In my younger days as an assistant network administrator, I would always be assisting my superior in retooling some part of the network. Upgrading or reinstalling a system here, rewiring a switch there. I always felt like we were doing these things for nothing. I mean, here we were working when we could be doing nothing, or even better, playing games on the LAN.
I always followed along, and gradually started doing it on my own, too. I learned the meaning of the old saying “a stitch in time saves nine”. It’s a good thing, because it wouldn’t be too long before I was responsible for the network myself.
A year or so later, I was fixing something that broke, and an idea dawned on me. My role was more than running the network, it was actually being part of the network. Sure I administered it, built it out, and repaired it, but that’s the point, really. By performing these actions, you cease to be a separate entity. You’re part of the system.
When that occurred to me, I realized that my stated goal within the system was to provide homeostasis. A computer network is not a biological organism, and therefore cannot (yet) provide for it’s own regulation. That’s where we come in.
I don’t make much distinction between systems and the network. Sure, in most places, there are systems administrators and network administrators. Sys admins fix operating systems, software installations, and computer hardware issues, and network administrators fix the parts that connect everyone together, but they’re both part of the bigger picture.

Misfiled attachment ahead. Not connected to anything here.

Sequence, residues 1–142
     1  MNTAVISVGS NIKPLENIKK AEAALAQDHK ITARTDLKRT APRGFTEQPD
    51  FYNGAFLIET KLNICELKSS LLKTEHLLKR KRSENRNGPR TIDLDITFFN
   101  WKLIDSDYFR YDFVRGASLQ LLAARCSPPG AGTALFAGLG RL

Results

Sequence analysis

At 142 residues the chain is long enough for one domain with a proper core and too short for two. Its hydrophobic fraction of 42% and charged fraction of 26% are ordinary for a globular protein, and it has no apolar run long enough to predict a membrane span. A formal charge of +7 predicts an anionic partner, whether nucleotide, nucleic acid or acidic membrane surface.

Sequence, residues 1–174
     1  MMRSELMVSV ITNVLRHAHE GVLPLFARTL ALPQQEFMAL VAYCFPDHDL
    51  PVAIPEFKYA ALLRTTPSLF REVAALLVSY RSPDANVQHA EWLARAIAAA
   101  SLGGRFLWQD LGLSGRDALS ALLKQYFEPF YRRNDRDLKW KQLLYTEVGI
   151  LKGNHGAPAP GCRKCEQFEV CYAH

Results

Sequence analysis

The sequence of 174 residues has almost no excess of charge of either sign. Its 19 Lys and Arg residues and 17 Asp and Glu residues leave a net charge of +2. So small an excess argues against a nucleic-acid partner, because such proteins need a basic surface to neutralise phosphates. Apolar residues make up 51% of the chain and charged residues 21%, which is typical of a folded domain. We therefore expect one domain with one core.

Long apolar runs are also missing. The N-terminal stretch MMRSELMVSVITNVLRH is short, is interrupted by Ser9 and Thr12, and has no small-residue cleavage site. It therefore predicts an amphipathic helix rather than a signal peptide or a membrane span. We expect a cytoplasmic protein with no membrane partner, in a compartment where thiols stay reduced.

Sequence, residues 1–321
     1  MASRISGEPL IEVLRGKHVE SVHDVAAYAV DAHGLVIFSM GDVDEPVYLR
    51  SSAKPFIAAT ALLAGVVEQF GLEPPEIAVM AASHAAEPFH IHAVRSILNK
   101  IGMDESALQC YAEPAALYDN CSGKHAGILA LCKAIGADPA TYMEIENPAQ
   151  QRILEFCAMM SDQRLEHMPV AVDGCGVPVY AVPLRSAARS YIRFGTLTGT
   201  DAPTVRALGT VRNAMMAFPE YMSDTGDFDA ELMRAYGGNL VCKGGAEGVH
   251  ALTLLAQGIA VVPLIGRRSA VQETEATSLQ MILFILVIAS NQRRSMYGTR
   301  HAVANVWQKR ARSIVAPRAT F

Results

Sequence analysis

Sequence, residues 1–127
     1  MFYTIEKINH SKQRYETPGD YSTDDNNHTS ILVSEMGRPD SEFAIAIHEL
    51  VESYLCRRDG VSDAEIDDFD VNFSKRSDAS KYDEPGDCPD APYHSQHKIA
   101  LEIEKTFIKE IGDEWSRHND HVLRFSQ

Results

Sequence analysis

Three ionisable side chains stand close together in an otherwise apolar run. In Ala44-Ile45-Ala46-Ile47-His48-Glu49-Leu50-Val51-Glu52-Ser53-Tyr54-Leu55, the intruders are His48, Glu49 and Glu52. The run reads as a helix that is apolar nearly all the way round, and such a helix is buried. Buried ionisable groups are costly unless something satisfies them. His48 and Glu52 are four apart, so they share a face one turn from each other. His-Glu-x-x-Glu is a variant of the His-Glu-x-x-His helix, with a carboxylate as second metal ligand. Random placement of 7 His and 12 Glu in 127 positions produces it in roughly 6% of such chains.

The infrastructure is, for all intents and purposes, a non-biological entity. It can get sick, parts can fail, and it requires action to return to balance. We’re the homeostasis. We’re the part that corrects inbalances, and if the system is large and complex enough, we specialize into teams, each dedicated to keeping the entity living, breathing, and healthy.
Food for thought the next time a hard drive dies at 3am
As I write this, I’m on hold with Dell tech support.
It seems that my blade enclosure’s DRAC card has somehow become detached from the Avocent KVM card. The general configuration screen shows the card, but none of the management interfaces are able to reach it.
Apparently there’s a reconfiguration necessary through OpenManage, which I haven’t set up yet, so we’re installing it now on my XP VM. Hopefully this will reconnect the two feuding devices.
2 hours later, the problem has been resolved. I had to issue racadm commands from the serial console.
the lesson here is: If you’re going to change the subnet your blade enclosure is on, change the KVM module’s IP first, otherwise everything goes to hell.